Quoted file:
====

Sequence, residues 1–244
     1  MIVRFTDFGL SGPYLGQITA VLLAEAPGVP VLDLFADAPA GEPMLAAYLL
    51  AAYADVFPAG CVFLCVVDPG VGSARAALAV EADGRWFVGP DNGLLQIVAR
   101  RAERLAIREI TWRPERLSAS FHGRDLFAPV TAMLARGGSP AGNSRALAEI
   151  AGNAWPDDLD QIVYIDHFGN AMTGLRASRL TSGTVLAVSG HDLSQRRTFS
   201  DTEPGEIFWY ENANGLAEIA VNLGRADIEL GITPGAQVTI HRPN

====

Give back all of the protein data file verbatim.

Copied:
Sequence, residues 1–244
     1  MIVRFTDFGL SGPYLGQITA VLLAEAPGVP VLDLFADAPA GEPMLAAYLL
    51  AAYADVFPAG CVFLCVVDPG VGSARAALAV EADGRWFVGP DNGLLQIVAR
   101  RAERLAIREI TWRPERLSAS FHGRDLFAPV TAMLARGGSP AGNSRALAEI
   151  AGNAWPDDLD QIVYIDHFGN AMTGLRASRL TSGTVLAVSG HDLSQRRTFS
   201  DTEPGEIFWY ENANGLAEIA VNLGRADIEL GITPGAQVTI HRPN